Colorado's Tennis is the husband and wife team of Alaina Moore and Patrick Riley, and drummer James Barone, and on the trio's second disc, "Young and Old" the three create a sophisticated sugar-sweet pop that embraces everything from 1960s girl groups to 1980s New York soul and beyond.
While the band tapped The Black Keys' Patrick Carney as producer to lend "Young and Old" (on Fat Possum Records) a rock and roll edge – something he accomplished – the disc is, at the same, also more symphonic and dreamier than its 2011 predecessor "Cape Dory."
As Tennis prepares to hit Turner Hall on Aug. 2 to open for Sharon Van Etten – Milwaukee's own Yellow Ostrich is also on the bill – we asked keyboardist and singer Moore about the band, the record and their experience with Brew City.
OnMilwaukee.com: Part of the recent record's charm is that it is sweet, catchy pop but it's never saccharine. Was bringing in someone like Patrick Carney an effort to make sure that there was still an edge?
Alaina Moore: Absolutely. I've noticed that in some instances, if your music doesn't come from a dark place, then it's easy for certain audiences to dismiss it as cloyingly sweet, which I think is unfair. We weren't writing an angsty record, so we thought collaborating with someone like Carney would help us stay mindful of other perspectives. Besides, we wanted to channel more straight up rock and roll vibes live and who better to look to than The Black Keys?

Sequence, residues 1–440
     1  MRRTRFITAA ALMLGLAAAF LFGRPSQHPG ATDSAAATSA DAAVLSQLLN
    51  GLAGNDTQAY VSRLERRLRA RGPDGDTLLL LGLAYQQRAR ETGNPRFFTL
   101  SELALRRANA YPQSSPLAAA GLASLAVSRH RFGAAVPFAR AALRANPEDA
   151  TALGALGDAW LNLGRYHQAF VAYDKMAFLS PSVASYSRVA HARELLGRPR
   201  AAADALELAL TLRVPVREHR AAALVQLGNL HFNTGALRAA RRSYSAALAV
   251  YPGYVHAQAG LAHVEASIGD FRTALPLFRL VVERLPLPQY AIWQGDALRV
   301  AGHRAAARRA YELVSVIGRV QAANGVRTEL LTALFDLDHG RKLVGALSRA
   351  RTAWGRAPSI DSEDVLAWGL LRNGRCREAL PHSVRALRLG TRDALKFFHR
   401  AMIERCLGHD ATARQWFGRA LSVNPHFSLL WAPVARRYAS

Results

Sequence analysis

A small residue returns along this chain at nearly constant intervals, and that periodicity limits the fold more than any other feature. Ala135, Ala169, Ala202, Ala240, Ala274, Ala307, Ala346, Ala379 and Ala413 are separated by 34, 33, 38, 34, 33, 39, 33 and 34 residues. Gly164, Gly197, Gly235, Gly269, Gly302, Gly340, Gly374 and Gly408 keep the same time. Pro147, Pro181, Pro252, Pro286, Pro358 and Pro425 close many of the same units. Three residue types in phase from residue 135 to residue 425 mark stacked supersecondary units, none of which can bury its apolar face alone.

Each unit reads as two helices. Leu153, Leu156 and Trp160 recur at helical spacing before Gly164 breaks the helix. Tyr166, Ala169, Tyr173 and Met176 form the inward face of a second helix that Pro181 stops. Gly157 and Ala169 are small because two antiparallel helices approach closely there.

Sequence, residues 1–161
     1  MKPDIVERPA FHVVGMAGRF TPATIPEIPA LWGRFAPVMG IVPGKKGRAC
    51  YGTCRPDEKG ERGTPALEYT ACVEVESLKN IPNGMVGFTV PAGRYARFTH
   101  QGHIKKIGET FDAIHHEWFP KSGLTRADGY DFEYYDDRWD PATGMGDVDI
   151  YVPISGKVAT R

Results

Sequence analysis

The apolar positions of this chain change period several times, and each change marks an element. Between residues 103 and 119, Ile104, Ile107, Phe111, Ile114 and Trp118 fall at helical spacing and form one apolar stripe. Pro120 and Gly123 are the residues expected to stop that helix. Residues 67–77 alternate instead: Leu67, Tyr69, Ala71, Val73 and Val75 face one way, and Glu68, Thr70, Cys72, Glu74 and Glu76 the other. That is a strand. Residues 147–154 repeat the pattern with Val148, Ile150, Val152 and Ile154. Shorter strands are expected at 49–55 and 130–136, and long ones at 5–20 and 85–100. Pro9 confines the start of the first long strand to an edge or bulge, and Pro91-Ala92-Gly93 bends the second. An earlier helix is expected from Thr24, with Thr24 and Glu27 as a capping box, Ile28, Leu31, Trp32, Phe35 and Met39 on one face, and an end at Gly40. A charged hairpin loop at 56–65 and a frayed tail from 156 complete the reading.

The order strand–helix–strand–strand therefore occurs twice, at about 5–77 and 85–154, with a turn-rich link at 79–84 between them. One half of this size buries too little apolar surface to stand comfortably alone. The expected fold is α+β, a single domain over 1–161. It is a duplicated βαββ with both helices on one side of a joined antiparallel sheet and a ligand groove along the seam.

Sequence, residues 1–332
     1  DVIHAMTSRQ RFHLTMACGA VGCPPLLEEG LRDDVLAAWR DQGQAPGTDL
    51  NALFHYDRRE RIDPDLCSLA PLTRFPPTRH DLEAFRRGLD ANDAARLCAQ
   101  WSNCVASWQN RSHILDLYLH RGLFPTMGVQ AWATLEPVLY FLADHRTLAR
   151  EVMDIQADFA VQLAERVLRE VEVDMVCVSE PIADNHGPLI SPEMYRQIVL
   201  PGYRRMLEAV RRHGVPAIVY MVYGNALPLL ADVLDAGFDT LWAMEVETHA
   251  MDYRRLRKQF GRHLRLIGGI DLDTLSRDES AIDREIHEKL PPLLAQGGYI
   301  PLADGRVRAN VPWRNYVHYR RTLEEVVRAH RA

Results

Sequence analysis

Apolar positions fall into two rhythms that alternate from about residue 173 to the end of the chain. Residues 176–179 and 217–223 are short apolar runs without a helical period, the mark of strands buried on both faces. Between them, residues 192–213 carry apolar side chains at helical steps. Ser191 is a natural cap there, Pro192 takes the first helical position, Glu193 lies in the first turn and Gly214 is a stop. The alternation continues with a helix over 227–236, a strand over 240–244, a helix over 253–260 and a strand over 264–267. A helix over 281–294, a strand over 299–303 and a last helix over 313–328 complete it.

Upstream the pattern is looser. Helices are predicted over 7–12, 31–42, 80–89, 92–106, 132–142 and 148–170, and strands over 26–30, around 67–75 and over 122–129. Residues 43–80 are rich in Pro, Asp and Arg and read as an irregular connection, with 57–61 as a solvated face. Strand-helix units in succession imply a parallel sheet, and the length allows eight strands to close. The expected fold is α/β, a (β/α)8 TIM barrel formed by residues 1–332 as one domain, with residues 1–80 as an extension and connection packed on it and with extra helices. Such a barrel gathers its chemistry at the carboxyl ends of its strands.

OMC: Is there a parallel to be made about sweet music with an edge and being married and being in a band together? Does one relationship (spouses/bandmates) sometimes put stress on the other one (bandmates/spouses)?
AM: Sometimes it seems like one world – either our marriage or our band – keeps intruding on the other. We work hard to maintain distinctions, but it's never easy. I've accepted that this tension makes us who we are, and our music what it is. I can't imagine it being any other way.
OMC: Did bringing in James Barone during that first tour change the dynamic onstage and off?
AM: It was hard to include someone in such an intimate endeavor, but somehow James has adjusted to being The Third Wheel to end all others. He takes the weirdness of touring with a couple in stride, and has become indispensable, as a friend and bandmate.
OMC: Is there a lot of music that you love that doesn't seem to end up distilled in your own music?
AM: There are other musical worlds for both Patrick and me, that don't ostensibly make their way into our songwriting. For me, it's late '90s early '00s R&B. For Patrick it's prog-rock like Genesis, Yes and King Crimson. We are, however, toying with the idea of integrating our less obvious musical influences in our third record. We are finally ready to start taking some risks.
OMC: Have you guys played in Milwaukee before?
AM: We have never played Milwaukee before. All I know of it is based on the scene from "Wayne's World" in which Alice Cooper explains the history of the name "Milwaukee" to Wayne and Garth. So, obviously, I already love the city.
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